Tower of Babylon- This was his first published story (the stories here are in order of publication). It went on to win a Nebula award (not that I’m jealous or anything…). It follows a group of miners who ascend the Tower of Babylon. The reason miners are needed high in the sky? This world follows the Babylonian view of the world, so in addition to other bizarre sights, at the top of the tower they run into a stone barrier they need to break through. Probably one of my favorite stories here.

Understand- After a near-fatal drowning, a man is brought back through the use of a drug that makes him super smart. Smarter than the government…although the premise is cliché, Chiang pulls this off by making it less of a thriller and more of a thoughtful piece.

Division by Zero- A woman checks into a mental facility after she disproves a fundamental aspect of mathematics. As a professor, until then, mathematics had been her life. Her husband, meanwhile, has a change of opinion about something… Although it’s not speculative fiction as most people think of the genre, it provides something that had been missing in “Understand,” humanity. The relationship between husband and wife is more compelling than a supercomputer lying in his apartment.

Story of Your Life- The Sapir-Whorf hypothesis is a largely discredited theory in linguistics that a language shapes the speaker’s perceptions of the world. It still makes for compelling reading, though. Other examples of it in fiction include Babel-17 by Samuel R. Delany and The Dispossessed by Ursula K. le Guin. I won’t spoil how Chiang handles it, but it’s an original way. The story itself is about a race of aliens who communicate with Earth. Linguists try to learn their language to understand what they’re doing, but the aliens’ motives remain elusive. Peppered throughout are the linguist’s reminisces about her daughter. One of the best here.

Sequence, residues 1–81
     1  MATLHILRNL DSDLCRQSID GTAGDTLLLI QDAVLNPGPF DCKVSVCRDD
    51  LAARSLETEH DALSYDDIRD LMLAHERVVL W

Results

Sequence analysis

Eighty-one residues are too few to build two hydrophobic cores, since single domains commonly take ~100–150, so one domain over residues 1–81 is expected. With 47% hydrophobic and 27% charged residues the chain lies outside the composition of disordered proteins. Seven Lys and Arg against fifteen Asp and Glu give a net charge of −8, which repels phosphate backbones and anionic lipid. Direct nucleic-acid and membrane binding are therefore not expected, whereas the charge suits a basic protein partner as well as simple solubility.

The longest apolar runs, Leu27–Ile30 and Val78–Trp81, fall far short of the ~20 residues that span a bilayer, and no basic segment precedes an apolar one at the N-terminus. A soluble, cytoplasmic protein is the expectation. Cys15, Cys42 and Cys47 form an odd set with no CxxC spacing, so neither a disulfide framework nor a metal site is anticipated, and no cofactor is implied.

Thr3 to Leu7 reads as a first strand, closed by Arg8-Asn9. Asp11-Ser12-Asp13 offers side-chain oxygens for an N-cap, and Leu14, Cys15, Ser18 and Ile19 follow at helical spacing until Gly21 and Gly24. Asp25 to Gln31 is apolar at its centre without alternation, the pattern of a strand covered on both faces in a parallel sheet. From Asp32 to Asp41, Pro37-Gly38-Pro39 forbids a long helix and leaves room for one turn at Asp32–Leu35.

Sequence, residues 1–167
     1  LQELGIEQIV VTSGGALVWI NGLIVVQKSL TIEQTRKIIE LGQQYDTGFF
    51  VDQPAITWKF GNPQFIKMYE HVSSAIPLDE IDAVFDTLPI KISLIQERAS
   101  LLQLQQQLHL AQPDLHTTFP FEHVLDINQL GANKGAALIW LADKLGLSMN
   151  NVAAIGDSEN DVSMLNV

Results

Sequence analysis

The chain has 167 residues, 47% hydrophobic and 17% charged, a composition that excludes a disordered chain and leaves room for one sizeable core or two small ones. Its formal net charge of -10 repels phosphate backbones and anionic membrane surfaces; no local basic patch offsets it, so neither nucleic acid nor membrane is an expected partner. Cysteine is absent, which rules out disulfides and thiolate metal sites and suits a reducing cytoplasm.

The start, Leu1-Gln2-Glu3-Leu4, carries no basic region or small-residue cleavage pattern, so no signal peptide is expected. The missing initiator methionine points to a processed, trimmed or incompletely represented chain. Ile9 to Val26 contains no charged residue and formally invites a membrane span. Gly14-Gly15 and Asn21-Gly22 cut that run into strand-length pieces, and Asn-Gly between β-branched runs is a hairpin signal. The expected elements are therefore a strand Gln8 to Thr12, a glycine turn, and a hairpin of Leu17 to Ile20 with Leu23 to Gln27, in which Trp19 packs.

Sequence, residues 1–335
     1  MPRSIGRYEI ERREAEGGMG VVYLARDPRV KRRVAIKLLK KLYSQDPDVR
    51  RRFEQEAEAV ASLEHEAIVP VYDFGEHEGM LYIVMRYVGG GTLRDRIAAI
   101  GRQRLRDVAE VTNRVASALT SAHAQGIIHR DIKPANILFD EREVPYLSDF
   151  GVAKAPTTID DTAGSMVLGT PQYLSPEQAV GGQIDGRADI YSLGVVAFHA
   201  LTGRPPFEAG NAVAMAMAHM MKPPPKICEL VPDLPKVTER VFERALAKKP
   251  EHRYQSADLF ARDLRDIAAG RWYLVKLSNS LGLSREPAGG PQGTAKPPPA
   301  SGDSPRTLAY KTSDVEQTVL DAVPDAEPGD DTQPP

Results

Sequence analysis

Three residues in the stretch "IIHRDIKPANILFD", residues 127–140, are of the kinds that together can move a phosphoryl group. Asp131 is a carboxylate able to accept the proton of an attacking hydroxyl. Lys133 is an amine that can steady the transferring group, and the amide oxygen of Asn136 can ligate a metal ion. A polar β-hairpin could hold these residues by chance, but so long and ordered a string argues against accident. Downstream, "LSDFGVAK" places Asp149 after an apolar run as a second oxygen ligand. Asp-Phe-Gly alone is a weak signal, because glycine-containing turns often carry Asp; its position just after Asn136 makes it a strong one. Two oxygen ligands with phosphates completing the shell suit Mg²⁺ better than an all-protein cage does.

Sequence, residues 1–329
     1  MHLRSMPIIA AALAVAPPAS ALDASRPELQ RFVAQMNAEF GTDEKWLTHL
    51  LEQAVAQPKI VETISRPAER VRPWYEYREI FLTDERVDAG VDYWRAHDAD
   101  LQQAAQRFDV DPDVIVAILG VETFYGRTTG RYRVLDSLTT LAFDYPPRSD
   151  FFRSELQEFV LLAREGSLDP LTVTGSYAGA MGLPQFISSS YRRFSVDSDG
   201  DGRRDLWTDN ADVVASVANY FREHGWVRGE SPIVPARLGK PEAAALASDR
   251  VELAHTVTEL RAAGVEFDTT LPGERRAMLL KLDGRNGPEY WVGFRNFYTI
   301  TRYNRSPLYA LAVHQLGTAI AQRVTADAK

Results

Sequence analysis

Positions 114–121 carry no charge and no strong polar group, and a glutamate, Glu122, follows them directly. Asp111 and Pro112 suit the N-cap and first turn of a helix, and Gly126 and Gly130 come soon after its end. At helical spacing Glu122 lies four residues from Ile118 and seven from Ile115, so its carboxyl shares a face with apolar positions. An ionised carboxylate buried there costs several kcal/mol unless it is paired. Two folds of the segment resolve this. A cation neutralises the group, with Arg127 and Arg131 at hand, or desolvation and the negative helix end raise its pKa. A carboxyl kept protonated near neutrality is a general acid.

The Evolution of Human Sciences- A flash fiction piece. It concerns the idea that one day science might get too technical for anyone untrained to understand–taken to the extreme, of course. This one’s a little rough because beyond there’s little plot, little conflict. It’s just describing a possible future.

Seventy-Two Letters- This takes a myth and a discredited scientific theory and welds them together beautifully. This takes place around the early 1800s in an alternate version of England. Here, golems (like in Jewish lore) work is you discover the right permutation of letters to power them, and that humans have a fixed number of generations during which they can reproduce. In this is a scientist who wishes to improve the lives of the lower class. He quickly finds himself caught in the middle of a guild who does not want him to impinge upon their livelihood and a shadowy organization made up of high society members.

Hell is the Absence of God- What if angels were real and every time they appeared, explosions and miracles occurred, killing some but saving others? That’s the premise here. When a man loses his wife to an angel, he tries to forgive God and love Him so that he can follow her up into heaven, but he hates Him too much for taking away his love. Two other characters going through their own trials fill out this tale. Everyone seems to love this one (it won a number of awards, too) but I was not overly impressed. Sometimes when a writer has a very economical style, they can write a story using too few words, like there should have been more to fill it out. I had that problem here. The idea was thought provoking, but not enough time was spent developing the characters for me to be satisfied.